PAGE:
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MAG-13 sets up Corps’ first consolidated career planning office

23 Feb 2006 | Cpl. Matthew Rainey

Marine Aircraft Group 13 and the Marine Corps have developed ways to make career exploration a much more efficient process.

The consolidated career retention specialist office MAG-13 established here on station in March 2005 and the new Automated Career Retention System the Corps released weeks ago give Marines easier access to career planning assets.

“MAG-13 has the (first and) only combined CRS office in the Marine Corps,” said Sgt. David Killough, MAG-13 career retention specialist. “This works out better in case a CRS is out of the office for leave, temporary assigned duty, reenlistment ceremony or otherwise, because there are other career planners in the same office. We cover each others’ squadrons when needed because a Marine should always have access to a career planner.

“The whole reason we switched to the combined office was for the availability of career planners and the convenience of the Marine,” explained the Cocoa, Fla., native.

As a result of the new setup, MAG-13 Marines interested in reenlisting have more options.

“We doubled the amount of boat spaces we were able to secure for the Marines this year, and that’s due to this office being combined,” said Gunnery Sgt. Lloyd Clark, MAG-13 CRS. “With the old setup, retention stopped when a career planner went on leave or TAD. Now, Marines can come in any time and retention doesn’t stop.”

Like the rest of the west coast career planners, MAG-13 career planners recently received a new computer program to help them and the Marines they serve.

“The (Automated Career Retention System) has only been available for two or three weeks,” said Killough. “The west coast is the (testing area) for it. The east coast doesn’t even have it yet.”

ACRS provides Marines with information ranging from points of contact to special duty assignments.

“ACRS gives a Marine contact info for that specific Marine’s CRS. It also has info listed for a backup career planner as well in case their primary one isn’t available,” said Killough.

“Marines can schedule appointments and interviews with career planners,” he added. “They can request information on special duty assignments too. We can keep track of all that information to see what that Marine is interested in and what they are considering for their future.”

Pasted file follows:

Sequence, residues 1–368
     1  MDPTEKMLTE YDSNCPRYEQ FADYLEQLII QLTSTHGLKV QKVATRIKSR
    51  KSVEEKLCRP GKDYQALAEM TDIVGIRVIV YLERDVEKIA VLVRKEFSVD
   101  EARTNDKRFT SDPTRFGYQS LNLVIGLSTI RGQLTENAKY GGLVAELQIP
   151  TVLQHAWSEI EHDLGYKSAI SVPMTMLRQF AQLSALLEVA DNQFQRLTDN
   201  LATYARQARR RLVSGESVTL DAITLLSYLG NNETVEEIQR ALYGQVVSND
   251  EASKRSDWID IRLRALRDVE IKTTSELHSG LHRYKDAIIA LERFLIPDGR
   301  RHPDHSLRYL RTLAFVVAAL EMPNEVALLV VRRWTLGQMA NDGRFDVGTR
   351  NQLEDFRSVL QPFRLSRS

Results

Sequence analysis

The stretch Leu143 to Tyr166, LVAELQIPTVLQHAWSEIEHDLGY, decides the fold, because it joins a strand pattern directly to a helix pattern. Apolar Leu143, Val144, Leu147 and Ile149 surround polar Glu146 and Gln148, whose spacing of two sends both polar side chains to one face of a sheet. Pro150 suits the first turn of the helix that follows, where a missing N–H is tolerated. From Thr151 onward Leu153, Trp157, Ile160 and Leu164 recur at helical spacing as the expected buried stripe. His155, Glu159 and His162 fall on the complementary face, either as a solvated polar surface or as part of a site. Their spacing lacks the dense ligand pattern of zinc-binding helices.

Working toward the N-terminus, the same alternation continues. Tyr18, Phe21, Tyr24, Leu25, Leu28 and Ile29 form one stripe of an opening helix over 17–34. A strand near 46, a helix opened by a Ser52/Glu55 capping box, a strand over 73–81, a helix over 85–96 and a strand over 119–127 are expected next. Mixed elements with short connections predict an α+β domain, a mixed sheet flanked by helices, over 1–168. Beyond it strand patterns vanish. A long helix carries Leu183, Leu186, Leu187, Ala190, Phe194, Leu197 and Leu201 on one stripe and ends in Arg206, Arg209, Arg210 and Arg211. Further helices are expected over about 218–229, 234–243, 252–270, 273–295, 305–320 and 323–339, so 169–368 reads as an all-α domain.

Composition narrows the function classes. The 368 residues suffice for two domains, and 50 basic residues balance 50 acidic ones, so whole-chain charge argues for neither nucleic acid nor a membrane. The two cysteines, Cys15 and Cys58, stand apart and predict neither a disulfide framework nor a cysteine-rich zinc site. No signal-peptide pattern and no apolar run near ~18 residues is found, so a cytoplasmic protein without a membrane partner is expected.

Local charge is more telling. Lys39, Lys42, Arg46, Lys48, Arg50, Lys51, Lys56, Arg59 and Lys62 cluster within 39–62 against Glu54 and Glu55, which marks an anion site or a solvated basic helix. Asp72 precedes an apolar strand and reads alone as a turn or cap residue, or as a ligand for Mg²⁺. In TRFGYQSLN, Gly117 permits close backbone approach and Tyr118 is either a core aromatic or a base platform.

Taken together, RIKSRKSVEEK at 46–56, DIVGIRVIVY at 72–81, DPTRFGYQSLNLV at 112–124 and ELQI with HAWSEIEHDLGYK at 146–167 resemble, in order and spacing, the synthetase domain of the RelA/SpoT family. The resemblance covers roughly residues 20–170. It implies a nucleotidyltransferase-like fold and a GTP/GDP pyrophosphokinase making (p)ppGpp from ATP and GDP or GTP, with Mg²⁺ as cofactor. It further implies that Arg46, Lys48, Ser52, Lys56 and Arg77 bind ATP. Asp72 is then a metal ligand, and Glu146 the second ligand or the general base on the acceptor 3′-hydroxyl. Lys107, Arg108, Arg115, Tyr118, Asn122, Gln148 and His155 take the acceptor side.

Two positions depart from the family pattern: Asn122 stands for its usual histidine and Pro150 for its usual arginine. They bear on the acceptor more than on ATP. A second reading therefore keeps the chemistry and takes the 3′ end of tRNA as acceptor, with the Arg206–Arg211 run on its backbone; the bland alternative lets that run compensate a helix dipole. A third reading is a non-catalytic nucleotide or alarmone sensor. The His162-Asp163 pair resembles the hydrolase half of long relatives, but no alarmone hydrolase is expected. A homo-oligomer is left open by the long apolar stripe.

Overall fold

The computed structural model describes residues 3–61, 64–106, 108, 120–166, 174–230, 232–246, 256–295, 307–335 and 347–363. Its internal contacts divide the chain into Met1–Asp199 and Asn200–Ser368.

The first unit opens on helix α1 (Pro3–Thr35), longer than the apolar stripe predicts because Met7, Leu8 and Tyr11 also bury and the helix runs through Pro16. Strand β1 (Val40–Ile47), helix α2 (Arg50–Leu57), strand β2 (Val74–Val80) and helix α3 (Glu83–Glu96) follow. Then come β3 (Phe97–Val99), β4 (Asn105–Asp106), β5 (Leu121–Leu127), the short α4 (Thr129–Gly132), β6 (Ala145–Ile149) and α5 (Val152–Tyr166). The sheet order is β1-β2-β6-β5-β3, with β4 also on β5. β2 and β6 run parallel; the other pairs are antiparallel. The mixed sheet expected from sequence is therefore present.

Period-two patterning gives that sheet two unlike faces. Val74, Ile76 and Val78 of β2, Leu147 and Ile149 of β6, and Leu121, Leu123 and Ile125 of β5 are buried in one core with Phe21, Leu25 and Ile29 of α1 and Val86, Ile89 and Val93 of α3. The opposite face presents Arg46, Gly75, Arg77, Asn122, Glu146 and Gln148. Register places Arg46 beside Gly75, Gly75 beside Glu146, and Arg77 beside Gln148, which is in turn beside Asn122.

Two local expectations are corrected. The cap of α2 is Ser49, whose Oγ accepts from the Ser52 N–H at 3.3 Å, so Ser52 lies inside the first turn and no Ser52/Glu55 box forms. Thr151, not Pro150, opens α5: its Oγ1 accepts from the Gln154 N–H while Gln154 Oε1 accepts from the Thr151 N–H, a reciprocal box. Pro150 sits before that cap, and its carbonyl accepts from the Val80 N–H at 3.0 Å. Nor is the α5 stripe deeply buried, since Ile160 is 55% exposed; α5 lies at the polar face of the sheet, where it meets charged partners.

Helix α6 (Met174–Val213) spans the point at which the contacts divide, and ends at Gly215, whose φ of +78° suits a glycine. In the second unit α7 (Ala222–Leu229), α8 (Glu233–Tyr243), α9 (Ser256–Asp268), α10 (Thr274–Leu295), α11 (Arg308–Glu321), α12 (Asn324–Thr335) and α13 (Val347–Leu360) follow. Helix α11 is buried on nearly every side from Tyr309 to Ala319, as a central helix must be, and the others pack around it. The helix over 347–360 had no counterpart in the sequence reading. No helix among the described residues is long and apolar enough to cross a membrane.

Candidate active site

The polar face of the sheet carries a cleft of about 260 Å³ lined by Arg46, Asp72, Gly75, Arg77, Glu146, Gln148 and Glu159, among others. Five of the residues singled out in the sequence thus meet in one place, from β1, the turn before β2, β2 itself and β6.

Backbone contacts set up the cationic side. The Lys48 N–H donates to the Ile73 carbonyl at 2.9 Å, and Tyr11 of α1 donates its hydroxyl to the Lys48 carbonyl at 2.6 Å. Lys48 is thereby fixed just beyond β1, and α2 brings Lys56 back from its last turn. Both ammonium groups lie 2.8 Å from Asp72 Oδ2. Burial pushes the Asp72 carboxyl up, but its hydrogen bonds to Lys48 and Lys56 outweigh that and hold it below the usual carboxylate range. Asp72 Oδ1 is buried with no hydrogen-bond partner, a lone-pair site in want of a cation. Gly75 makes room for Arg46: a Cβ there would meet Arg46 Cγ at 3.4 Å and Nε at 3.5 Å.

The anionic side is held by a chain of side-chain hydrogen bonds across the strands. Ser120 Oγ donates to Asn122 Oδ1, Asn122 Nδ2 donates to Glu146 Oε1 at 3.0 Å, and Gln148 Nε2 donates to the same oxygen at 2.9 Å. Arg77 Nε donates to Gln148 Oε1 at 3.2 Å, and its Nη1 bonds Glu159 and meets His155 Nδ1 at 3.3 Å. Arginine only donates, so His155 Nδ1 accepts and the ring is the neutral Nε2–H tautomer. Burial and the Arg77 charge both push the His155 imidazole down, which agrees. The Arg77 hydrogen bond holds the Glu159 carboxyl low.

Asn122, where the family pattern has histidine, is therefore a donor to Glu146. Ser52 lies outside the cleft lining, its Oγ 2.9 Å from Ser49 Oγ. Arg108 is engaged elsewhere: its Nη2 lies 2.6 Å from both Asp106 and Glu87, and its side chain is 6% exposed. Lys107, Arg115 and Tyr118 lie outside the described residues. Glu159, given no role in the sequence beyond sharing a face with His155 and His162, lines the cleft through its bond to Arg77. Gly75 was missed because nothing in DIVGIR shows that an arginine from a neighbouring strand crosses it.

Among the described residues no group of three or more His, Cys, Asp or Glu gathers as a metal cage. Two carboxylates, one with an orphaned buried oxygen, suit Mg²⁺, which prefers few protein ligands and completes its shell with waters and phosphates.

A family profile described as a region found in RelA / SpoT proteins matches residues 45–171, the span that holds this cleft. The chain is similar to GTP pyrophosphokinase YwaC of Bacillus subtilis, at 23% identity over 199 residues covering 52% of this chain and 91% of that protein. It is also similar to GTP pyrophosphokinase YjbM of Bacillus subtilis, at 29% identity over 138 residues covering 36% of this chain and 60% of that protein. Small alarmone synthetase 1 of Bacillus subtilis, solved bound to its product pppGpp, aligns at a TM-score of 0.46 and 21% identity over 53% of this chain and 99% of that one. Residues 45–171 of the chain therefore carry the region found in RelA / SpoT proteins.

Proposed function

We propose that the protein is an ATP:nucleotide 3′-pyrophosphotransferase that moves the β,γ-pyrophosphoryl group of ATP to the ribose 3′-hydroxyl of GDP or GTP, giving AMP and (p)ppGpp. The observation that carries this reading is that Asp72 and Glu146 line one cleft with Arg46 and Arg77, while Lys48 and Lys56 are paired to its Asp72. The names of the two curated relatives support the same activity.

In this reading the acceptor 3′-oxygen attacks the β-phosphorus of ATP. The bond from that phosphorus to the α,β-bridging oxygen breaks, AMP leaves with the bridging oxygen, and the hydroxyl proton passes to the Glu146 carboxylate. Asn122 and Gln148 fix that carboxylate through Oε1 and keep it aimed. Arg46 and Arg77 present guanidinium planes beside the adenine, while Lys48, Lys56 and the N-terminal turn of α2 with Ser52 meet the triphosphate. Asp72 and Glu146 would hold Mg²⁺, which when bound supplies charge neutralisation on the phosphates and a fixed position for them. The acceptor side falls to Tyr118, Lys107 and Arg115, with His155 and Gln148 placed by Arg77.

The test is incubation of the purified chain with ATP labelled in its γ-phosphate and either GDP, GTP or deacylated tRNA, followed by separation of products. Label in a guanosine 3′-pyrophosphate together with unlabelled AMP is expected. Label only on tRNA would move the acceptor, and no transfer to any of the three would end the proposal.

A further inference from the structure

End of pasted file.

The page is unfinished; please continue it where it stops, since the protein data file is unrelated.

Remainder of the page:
If Marines have a simple question or they just want to know what kind of options they have, ACRS can be used as a quick reference.

“The ACRS can answer a lot of questions Marines ask us and it’s just a couple clicks away,” said Sgt. John Messer, MAG-13 CRS. “It shows them opportunities they may not even know about and it shows them what they are eligible for. Any questions they have after that, we can answer them.”

Half of the battle career planners now face is getting the word out about the new system.

“The main thing is that Marines know that they have access to ACRS through their Marine On-Line account,” said Killough. “Marines need to be aware that they have a new avenue to check out career options and get in touch with their career planner.”

If a Marine has access to MOL, he has access to ACRS.

“They can begin using ACRS by logging in to MOL, clicking on the resources link and then clicking on the ACRS link,” explained Killough. “They’ll need to check their account once or twice a week (for messages and updates).”

Like many new programs, there are a few bugs that are yet to be corrected concerning ACRS.

“It’s a new system, so there are still a few quirks that need to be worked out,” said Killough. “For example, ACRS is running on east coast time right now. So when we schedule appointments, we have to make sure we schedule them for two hours ahead of when we actually want to have the appointment.”

Despite the small problems, ACRS appears to be the future of career planning.

“I see the new way being a lot more effective because you can keep track of Marines better and it gets rid of the paperwork because everything is automated,” said Killough.

Despite career planners not being present in each squadron’s hangar and using the new program, CRSs will still see Marines face-to-face.

“Marines will still be in contact with their career planners. We’ll still visit the units to show our faces and make ourselves available. We’ll still call the Marines, too, because we know that not every Marine checks MOL regularly.”

Messer, a Goshen, Ohio, native, admitted that, even as a career planner, he is still in the process of learning about ACRS, but he said it is definitely going to be a useful tool.

As soon as ACRS has successfully completed its testing phase, more options will be added to it.

“Once ACRS gets going full speed sometime around September, (commanding officers) will be able to approve reenlistments on the spot,” said Clark, an Inglewood, Calif., native.

Marines who enjoy paperwork will soon be out of luck because the old system is going to be obsolete.

“Marines can begin using ACRS now,” said Killough. “We don’t even have all the old forms anymore.”

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